A mediocre meal with disposable cutlery at a casual Mexican eatery in Karachi made me realise how immensely unsustainable the Pakistani food & beverage industry is, so I decided to dig into the reasons why restaurants operate the way they do and the consequences it holds for our city. Here, 16 million people find themselves in the midst of a ‘garbage crisis’ where trash continues to pollute the city – making it one of the world’s least liveable cities (EIU, 2018). Although the team at GarbageCAN continues its efforts in cleaning up parts of the city, it’s no easy feat when there’s a lack of complete support and collaboration with the government. Karachi generates 13,000 tonnes of solid waste everyday and disposables from the food industry makes up a large portion of this. Especially after the rise in delivery apps like Foodpanda, that have given us the privilege of enjoying meals served in single-use plastic – right at our fingertips.
My first and most important question is, why do several restaurants and cafes serve their food and beverages in disposable cutlery if we’re dining in? Many new and so-called ‘hip’ places in the food scene boast that they’re ‘eco-friendly’ simply because they chose to use biodegradable cutlery made of paper, cardboard or bamboo as an alternative to plastic – which is great – but how necessary is it really? And is it just another greenwashing tactic? Regardless of what material it’s made of, it’s still going to be discarded and so eventually it will end up in a landfill. It may biodegrade depending on the material; paper takes 2-5 months, cardboard takes 3 months, but if anything is even coated in plastic, it will take years.
Moreover, the process of decomposition depends on various environmental conditions too. In order to work effectively, microorganisms that assist the biodegradation process need light, water, oxygen, and the right temperature. For example, even though food scraps are biodegradable, they are unable to break down in a landfill because the lack of oxygen will prevent bacteria, fungi and worms from working its magic. That means that if it isn’t disposed correctly, all the effort and money spent into getting better alternatives would have gone to waste, literally.
The science of biodegradation and compostability is so complicated in itself, so why not avoid all this tension altogether and simply serve us in reusable plates and glassware? I wonder if it’s because restaurant owners aren’t willing to invest additional funds in manpower and resources. But if there are chefs in the kitchen, helpers preparing the dishes and waiters serving them, would it be so problematic to hire one extra person that can wash the dishes? Maybe it’s the expense of increased water consumption. Though, if we’re talking about expenses, I do think using reusables make more economical sense, because it would save the direct expense of ordering a new supply of disposable cutlery every month, that can be more costly at times.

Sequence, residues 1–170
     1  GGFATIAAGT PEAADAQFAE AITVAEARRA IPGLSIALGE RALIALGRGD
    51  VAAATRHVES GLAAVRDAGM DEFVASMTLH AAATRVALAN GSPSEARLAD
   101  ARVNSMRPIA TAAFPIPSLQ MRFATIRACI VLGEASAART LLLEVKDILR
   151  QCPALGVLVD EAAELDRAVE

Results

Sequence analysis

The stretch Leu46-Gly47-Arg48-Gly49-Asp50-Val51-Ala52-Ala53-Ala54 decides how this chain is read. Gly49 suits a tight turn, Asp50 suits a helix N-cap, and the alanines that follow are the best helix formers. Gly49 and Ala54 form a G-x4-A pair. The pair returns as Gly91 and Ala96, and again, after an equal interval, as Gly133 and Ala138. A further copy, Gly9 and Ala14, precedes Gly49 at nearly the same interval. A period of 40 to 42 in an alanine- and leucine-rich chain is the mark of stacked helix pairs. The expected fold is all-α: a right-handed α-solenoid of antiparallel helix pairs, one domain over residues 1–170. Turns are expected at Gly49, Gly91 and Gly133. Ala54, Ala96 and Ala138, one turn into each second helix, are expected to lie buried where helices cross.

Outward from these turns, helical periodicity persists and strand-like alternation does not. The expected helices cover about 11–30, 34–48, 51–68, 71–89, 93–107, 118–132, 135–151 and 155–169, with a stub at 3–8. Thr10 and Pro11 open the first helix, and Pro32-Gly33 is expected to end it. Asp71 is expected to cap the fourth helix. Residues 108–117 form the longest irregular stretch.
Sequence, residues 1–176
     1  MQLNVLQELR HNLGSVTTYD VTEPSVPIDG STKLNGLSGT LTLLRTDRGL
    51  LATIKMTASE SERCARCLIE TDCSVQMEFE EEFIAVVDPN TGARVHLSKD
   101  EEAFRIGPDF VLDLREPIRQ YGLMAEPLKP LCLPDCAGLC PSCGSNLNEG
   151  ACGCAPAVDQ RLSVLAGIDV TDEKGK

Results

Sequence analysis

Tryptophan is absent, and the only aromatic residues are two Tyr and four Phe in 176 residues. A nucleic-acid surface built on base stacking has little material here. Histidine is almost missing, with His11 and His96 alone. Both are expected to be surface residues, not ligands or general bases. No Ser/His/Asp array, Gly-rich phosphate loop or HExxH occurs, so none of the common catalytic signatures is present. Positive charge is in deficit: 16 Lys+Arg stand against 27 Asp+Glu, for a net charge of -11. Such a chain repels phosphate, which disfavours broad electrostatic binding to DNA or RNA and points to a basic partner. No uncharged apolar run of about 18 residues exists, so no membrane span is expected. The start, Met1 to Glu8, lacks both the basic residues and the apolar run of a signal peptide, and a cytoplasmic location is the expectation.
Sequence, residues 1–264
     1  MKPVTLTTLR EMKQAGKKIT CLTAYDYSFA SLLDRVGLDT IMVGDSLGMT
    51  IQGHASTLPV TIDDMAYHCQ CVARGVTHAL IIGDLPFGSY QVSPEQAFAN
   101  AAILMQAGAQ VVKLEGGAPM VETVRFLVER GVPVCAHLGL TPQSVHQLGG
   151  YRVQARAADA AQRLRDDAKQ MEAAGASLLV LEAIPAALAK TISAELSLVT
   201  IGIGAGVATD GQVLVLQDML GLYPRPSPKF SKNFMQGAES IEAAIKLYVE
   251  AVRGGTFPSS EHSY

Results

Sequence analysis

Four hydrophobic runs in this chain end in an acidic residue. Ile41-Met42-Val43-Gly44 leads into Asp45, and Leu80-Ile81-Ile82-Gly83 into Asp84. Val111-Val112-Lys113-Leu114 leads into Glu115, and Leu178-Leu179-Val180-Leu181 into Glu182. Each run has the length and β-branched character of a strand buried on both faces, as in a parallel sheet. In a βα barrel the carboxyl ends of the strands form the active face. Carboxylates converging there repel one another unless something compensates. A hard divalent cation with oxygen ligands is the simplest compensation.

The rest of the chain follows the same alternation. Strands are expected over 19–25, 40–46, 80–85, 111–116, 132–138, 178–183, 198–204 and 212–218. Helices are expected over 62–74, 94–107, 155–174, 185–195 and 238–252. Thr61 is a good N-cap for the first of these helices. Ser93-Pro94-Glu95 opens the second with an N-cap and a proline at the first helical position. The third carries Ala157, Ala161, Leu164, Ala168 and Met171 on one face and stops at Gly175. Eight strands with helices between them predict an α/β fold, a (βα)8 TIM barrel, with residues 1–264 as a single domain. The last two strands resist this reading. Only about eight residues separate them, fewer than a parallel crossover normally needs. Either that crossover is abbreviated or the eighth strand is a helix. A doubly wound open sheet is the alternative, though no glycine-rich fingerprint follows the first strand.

An example of a cafe that has set the benchmark for sustainability in Pakistan’s F&B scene is Coffee Wagera. Dedicated to serving the best coffee in town, Coffee Wagera reduces its waste through a few different ways, like discouraging takeaway paper cups by charging an extra Rs. 20 and providing a 10% discount if you bring your own takeaway mug. They also provide a 10% discount if you call in a residential pickup for recycling with GarbageCAN! They keep liquid sugar syrup to avoid the use of sugar sachets and stirrers, while serving their beverages without any plastic straws, which is a pretty big deal considering the fact that any drink we purchase automatically comes with a straw put inside. Why not ask customers first if they need one? Because let’s be honest, if we can have our hot drinks without a straw, why do we need one for iced drinks? Coffee Wagera also has a water dispenser where you can drink water for free without having to purchase a plastic bottle!
There are many local restaurants or ‘dhabhas’ that are naturally much better than others as they use reusables and give food waste to the needy instead of throwing it away, but one problem that will inherently remain for all eateries is of plastic water bottles. Even if you eat at a 5-star hotel in Pakistan, you will still get water in a plastic bottle. This is because tap water isn’t drinkable in Pakistan, so businesses obviously choose to make an extra profit from selling water bottles. As a resident of Hong Kong, this is something I wasn’t used to at all, because tap water is safe to drink there and a basic necessity, so it’s usually the first thing to be served at our tables, free of cost, in glasses. But, imagine if every restaurant had its own water dispenser like Coffee Wagera, to serve customers with hot or cold water upon request, which ideally shouldn’t be charged for, but can be as well – at least it’ll keep thousands of plastic bottles daily out of our landfills.
To conclude, no city or industry is perfect, each has its own problems, but in a developing country like Pakistan that already has so many challenges – why not work towards solving the important ones, one step at a time? Always use reusable cutlery for dine-in customers, not just for the environmental and economic benefit but also to provide a better dining experience. Stop assuming that we need straws for our drinks and reduce plastic where possible in take-outs. Support and collaborate with local businesses that can help you donate or compost your food waste and recycle your plastics. All the small steps matter, so don’t be discouraged and try your best to do your part in keeping Karachi clean.